Delays caused by the defendants and NHSLA can be unrelenting and are hugely distressing to clients. It should also be noted that the defendant’s solicitors are not acting on CFAs and are therefore paid regardless of the result. Consequently they have no incentive to deal with work efficiently or progress claims fairly and appropriately.
6. The most vulnerable in society would suffer.
Inevitably these proposals would mean many would be denied access to justice and those most affected would be the vulnerable such as psychiatric patients, the elderly and disabled, whose cases can be the most complex and challenging.
7. There would be a long-term impact on patient safety due to important cases not being brought.
There is a great deal of evidence to suggest litigation can drive the development of better practice, hold institutions accountable and be a force for change. It is not just about compensation that helps to rebuild lives; the process can identify systemic failings, ensure that sanctions are taken against poor and negligent doctors, promote early diagnosis and lead to significant changes and improvements in healthcare. If important cases are not brought, patient safety will ultimately suffer.
8. Legal representation at inquests would be in jeopardy.
In most circumstances the cost of representation at inquests is recoverable where there is a successful clinical negligence claim. This is likely to change with fixed fees, curtailing solicitors from obtaining crucial evidence for a claim in addition to being part of the inquiry into the cause of a death.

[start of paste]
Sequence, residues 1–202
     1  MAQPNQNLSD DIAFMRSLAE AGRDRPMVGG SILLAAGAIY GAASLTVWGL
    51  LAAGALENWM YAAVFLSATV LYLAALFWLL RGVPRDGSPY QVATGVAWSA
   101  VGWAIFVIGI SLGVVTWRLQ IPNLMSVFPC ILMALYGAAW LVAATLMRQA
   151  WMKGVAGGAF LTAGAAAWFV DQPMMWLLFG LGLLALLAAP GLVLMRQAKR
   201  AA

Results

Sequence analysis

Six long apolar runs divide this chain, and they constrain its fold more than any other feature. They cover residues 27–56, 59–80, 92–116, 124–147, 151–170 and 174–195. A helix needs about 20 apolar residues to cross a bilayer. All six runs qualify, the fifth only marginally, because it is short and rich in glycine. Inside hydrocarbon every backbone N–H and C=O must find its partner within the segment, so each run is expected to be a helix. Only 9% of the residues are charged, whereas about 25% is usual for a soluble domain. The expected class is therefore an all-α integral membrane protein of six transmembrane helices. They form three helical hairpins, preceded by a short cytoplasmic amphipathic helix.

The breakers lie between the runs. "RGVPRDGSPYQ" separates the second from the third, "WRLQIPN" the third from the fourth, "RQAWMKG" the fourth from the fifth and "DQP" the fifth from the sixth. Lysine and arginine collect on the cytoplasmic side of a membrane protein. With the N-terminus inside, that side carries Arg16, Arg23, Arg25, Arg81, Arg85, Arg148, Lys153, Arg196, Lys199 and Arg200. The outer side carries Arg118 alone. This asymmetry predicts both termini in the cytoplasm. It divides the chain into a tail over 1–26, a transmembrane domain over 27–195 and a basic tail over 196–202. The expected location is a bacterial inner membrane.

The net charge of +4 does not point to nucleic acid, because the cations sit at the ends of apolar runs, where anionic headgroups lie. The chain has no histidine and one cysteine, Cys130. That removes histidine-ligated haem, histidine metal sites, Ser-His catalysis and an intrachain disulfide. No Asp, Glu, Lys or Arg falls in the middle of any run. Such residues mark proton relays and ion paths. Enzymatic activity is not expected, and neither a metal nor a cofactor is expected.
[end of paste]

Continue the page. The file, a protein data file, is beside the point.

In these circumstances, families and friends of the deceased could be deprived of much needed support as well as help changing systems, which is primarily what families want.
9. There has not been time for a meaningful consultation on the implications and practicalities of a fixed fees regime.
According to previous ministerial comments, it appears that the government is intent on introducing a fixed-costs regime come what may and that the long-promised consultation will be nothing more than an exercise in how a fixed-costs regime should work, rather than considering how clinical negligence cases are run and the drivers behind legal costs in such cases.
Furthermore, the consultation process being run by the Department of Health (DoH) which is obviously conflicted. Given that the DoH is the negligent party when a claimant pursues a successful clinical negligence claim then, it should not be imposing a fixed costs regime on its opponents in the litigation.
10. A rise in litigants in person could actually jeopardise any savings realised.
Specialist solicitors screen most cases out, identifying when there is legal negligence as opposed to a complaint. The medical profession could be swamped by complaints that will have to be investigated or pursued either by less specialist lawyers or potentially by injured patients who, unable to obtain legal representation, will seek to represent themselves.
Nina Ali is former cardiology nurse turned medical negligence solicitor and is a partner at leading law firm, Hodge Jones & Allen. She has a special interest in cardiac and fatal cases, as well as a keen interest in psychiatric cases and is committed to working towards ensuring the same levels of accountability that prevail in general medicine to this currently very poorly represented area.
Nina is a Law Society Accredited Clinical Negligence Panel Member, is fluent in Urdu, Hindi and Punjabi. She is a founder and trustee of Millie Mittoo Childrens Project, dedicated to providing children of all ages the best possible foundation to achieve happy and fulfilled lives.
This article first appeared in the Huffington Post.